9. Callum Ah Chee – WA (182 cm, 71 kg midfielder/small forward)
Callum Ah Chee is the mercurial and exciting player of this draft crop. He is often typecast as your typical indigenous livewire crumbing forward or line-breaking outside midfielder but in reality, he is none of that. He is a pure footballer. He possesses an excellent vertical leap and a hunger to get as high as possible and as a result takes some excellent pack marks. His hands are sticky and for his size, he’s an excellent contest mark – like Rioli or Wingard. By foot he is exceptional too, possessing a bullet-like, creative and accurate kick off both feet and by hand he distributes well. With ball in hand he’s very aware and composed. When forward, he can pop up in the right spots but it’s not what defines his game. He is capable of breaking lines but it is not something he does as regularly as you would expect, backing his skills to do the work. He lacks a real inside game, with his only contested ball winning coming in the air. While his kicking is excellent it lacks range, with Ah Chee excelling over 30-40 metres maximum. He also struggles with consistency and defensive work ethic but as a high character kid he will likely learn quickly about what’s required in an AFL system. As a player he shares a lot of similarities with Chad Wingard.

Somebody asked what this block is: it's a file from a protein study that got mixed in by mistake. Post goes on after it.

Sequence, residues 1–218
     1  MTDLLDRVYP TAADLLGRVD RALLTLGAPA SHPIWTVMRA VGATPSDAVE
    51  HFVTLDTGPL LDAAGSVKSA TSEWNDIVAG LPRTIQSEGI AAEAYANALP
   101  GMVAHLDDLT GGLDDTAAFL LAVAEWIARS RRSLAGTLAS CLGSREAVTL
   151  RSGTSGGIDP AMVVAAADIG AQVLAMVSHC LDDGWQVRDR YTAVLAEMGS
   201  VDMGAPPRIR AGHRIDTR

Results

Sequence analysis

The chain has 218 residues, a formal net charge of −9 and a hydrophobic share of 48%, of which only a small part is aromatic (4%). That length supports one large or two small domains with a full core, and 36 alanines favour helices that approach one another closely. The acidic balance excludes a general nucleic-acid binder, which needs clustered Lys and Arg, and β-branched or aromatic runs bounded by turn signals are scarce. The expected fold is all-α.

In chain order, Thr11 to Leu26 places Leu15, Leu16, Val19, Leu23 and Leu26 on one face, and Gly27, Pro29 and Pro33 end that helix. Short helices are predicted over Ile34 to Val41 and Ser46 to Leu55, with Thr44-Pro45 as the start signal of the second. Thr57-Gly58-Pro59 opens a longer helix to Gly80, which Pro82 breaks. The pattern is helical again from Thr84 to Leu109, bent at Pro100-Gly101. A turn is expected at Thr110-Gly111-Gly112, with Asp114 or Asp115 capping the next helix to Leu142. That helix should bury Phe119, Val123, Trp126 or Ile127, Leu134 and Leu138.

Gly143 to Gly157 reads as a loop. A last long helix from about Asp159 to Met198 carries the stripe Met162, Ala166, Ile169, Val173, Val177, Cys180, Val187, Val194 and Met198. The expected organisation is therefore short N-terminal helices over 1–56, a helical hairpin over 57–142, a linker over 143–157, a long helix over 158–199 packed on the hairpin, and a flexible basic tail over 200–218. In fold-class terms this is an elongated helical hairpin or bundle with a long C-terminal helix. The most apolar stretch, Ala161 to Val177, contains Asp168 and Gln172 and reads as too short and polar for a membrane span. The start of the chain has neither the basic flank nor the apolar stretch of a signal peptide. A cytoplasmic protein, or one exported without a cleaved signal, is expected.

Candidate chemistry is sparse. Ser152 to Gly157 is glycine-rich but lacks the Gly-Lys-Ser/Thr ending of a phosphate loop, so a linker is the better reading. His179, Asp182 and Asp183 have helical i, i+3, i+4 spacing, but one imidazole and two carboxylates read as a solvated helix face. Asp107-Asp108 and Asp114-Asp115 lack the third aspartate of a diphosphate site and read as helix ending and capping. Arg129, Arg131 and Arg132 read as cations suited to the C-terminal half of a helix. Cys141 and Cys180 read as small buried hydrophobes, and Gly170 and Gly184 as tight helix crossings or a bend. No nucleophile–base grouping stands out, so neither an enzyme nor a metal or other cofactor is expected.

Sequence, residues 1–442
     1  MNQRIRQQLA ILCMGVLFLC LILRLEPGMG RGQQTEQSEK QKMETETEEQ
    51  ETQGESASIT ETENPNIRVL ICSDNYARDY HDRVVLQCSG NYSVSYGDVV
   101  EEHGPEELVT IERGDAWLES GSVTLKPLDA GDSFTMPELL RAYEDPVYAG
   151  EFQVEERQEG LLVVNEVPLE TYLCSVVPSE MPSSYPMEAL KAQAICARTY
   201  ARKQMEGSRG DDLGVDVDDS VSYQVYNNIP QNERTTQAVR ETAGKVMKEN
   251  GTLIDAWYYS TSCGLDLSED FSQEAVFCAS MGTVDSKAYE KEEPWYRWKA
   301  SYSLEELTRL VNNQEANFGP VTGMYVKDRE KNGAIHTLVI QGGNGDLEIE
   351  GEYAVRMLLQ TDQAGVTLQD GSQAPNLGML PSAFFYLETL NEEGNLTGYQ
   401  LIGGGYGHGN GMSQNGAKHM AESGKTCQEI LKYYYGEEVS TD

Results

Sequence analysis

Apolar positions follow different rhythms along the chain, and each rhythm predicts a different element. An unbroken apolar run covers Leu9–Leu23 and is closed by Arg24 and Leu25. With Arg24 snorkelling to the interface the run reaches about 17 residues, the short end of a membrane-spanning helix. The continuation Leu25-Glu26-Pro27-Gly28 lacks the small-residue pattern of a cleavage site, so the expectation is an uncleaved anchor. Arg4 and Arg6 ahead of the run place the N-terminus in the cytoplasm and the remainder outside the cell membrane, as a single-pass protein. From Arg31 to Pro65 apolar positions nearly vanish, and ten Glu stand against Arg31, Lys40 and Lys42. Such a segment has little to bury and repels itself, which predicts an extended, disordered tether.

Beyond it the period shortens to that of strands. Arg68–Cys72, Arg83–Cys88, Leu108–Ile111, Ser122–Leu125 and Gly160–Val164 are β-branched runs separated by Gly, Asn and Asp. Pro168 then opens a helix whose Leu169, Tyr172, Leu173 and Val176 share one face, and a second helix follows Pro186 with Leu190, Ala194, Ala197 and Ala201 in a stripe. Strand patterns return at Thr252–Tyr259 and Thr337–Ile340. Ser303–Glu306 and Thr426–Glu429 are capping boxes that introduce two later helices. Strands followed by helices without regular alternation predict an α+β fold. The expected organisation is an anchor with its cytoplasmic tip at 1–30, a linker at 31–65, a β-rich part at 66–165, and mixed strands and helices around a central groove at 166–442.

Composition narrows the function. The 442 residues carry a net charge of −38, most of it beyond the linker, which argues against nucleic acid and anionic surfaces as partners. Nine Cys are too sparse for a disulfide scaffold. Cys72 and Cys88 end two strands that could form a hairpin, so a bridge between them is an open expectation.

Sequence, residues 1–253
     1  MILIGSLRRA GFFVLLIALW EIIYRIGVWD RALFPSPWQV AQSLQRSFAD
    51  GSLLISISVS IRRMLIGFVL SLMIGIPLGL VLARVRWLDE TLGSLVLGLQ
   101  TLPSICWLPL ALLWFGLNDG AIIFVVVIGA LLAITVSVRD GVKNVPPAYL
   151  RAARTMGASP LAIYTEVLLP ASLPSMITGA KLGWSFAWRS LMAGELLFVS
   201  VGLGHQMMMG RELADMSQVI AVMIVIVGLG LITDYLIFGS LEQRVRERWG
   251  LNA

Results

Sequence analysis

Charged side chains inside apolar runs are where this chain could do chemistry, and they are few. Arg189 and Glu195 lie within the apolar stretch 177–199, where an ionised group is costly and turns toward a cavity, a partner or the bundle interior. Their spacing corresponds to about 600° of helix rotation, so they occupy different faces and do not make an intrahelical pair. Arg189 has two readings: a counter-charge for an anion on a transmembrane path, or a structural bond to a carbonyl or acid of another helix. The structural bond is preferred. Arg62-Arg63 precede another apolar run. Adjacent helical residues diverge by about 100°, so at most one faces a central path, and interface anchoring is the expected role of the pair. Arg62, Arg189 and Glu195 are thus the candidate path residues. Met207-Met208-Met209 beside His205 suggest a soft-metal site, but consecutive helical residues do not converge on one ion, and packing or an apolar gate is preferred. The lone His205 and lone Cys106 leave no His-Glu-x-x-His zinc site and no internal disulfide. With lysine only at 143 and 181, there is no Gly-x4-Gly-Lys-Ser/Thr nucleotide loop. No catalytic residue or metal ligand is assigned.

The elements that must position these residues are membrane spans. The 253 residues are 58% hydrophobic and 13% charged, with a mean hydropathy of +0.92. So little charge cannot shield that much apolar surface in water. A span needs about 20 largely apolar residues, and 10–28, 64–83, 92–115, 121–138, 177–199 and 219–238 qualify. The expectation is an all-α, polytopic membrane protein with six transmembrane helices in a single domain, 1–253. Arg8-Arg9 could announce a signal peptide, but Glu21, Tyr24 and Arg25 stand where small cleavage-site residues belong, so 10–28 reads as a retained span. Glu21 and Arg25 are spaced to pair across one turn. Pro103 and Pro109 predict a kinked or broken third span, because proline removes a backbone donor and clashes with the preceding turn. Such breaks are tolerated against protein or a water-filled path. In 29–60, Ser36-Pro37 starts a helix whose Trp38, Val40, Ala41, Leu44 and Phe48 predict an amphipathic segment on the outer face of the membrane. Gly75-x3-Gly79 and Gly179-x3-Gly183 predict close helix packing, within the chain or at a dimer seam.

10. Rhys Mathieson – Vic Country (185 cm, 79 kg inside midfielder)
Rhys Mathieson is a natural footballer – someone who is not perhaps as smooth or athletic as most in the top end of the draft but makes up for that in smarts and courage. He is the kind of player that while he won’t go top five because he is in the lower half for athleticism and has a mediocre kick, you can be sure that he’s going to make the grade and play a lot of AFL football. He reminds me a lot of Jordan Lewis. He is not someone who has the prototypical wide framed and big bodied inside mid and doesn’t win his own ball through pure strength, but through a natural read of the ruckman’s tap combined with smart ground level play and decision making in congestion. He has got a natural feel for the inside that you cannot teach. Not only that, but he is a ferocious footballer and the first to put his head over the ball and attack it at full speed, pushing through anyone in his path. This translates to every part of his game – which is full of energy. At ground level he is clean and he distributes by hand well. He is a high level accumulator who while an inside midfielder is capable of linking up outside. There are two primary knocks on him – athleticism and kicking. As an athlete he is relatively slow without much agility or a good leap, however despite lacking agility he still moves well in traffic as he is very aware of his surroundings. By foot he is inconsistent and lacking creativity, often taking the safe option and rarely breaking open the game by foot. Despite that, his sheer will to win the ball and dominance inside should set him up for a high quality, albeit scrappy, career.